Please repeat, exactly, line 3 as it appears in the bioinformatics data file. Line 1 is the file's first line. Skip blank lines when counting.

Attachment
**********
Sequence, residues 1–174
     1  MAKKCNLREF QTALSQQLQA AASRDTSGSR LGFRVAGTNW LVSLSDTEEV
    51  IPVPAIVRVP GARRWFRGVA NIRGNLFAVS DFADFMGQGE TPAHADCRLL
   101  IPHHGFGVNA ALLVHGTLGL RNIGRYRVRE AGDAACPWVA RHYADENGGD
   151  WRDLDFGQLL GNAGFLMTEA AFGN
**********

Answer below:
    51  IPVPAIVRVP GARRWFRGVA NIRGNLFAVS DFADFMGQGE TPAHADCRLL